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Rareware’s tenure on the Nintendo 64 is untouchable, which is ironic when you recall one of their most unique ideas involved pulling cartridges out of the system. Much has been discussed when it comes to their Stop ‘n’ Swop feature, the idea of transferring bonuses and items across games by “stopping” one game and quickly “swapping” in another while a small bit of data remained on the N64. It’s a fascinating subject, and one I highly suggest learning more about.

Why I’m bringing this up now, though, is thanks to a discovery shared last week by longtime Rare developer Paul Machacek – the very person who invented Stop ‘n’ Swop. In a Tweet thread, he called back to a previous interview with Rare Gamer in which he discussed the history of the pulled feature (see what I did there?).

Noting a couple of contradictions in that interview, he mentioned how Nintendo spotted the feature in the original Banjo-Kazooie and asked it be removed. The problem there is that he knows he implemented it into the game, with the plan of it both sending colored eggs to Banjo-Tooie and then eventually allowing access to the Ice Key via Donkey Kong 64. So, if Machacek knows the feature went into Banjo…when did Nintendo catch on to their plan?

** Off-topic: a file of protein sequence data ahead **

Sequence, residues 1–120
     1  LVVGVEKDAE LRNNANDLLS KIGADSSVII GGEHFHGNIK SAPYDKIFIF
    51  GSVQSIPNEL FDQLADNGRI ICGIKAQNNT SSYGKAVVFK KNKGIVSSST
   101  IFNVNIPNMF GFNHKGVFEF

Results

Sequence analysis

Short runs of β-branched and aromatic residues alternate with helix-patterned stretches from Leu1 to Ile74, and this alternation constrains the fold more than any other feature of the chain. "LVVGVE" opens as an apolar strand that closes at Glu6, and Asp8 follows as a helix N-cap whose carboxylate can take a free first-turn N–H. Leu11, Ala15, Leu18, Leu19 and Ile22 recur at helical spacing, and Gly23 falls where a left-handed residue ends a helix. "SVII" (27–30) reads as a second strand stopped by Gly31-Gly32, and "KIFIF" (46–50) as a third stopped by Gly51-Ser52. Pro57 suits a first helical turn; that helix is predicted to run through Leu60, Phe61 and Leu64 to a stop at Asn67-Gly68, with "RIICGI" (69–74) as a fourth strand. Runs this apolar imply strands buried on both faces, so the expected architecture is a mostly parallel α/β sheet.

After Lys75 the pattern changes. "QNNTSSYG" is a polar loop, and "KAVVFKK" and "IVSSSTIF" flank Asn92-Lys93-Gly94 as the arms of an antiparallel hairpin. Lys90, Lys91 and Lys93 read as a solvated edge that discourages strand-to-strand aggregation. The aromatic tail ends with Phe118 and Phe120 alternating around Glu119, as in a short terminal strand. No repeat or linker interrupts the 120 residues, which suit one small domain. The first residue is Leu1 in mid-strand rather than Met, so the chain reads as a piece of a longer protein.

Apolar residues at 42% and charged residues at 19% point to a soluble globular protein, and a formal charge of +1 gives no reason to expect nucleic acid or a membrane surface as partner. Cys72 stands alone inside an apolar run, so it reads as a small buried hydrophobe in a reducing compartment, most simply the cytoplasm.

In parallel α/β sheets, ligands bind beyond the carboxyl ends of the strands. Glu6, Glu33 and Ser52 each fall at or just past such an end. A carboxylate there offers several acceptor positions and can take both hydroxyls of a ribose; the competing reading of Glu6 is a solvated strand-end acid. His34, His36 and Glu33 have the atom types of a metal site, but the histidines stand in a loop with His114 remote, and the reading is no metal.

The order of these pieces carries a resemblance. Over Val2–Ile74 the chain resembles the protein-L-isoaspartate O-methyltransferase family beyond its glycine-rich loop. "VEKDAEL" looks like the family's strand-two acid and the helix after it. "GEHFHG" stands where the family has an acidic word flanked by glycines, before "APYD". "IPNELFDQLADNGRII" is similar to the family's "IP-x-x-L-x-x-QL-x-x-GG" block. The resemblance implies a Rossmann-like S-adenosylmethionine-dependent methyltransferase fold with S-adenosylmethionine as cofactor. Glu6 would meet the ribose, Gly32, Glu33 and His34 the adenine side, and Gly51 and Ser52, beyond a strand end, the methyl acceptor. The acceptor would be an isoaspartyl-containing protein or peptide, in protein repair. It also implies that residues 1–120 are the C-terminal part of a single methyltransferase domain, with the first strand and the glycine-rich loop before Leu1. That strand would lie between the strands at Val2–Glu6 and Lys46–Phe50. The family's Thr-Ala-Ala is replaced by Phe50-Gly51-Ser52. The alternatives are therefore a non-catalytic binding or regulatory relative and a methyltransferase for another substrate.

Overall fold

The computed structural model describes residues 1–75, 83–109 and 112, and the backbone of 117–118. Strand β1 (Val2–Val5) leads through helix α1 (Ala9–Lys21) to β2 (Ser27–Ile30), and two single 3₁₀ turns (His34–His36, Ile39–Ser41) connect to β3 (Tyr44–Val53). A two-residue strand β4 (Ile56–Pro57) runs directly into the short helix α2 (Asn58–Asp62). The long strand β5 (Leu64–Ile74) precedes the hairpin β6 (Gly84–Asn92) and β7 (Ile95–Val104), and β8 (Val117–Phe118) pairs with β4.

Thanks to the discovery of a Nintendo email to fellow Rare member Chris Stamper from 1999, we have that answer. Stop ‘n’ Swop was pulled from DK64, and only about a month ahead of its release at that.

The email goes on to list several alternatives to link DK and BK together, such as a passcode system. It also details three potential issues with the feature, necessitating its removal from their perspective. It’s at that moment that Stop ‘n’ Swop effectively ends, even though it received a reworked role in Banjo-Tooie and went on to be referenced in future Rare titles.

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Written by Ricky Berg

When he isn’t writing for Nintendo Wire, Ricky’s anticipating the next Kirby, Fire Emblem, or if the stars ever align, Mother 3 to be released. Till then he’ll have the warm comfort of Super Smash Bros. to keep him going.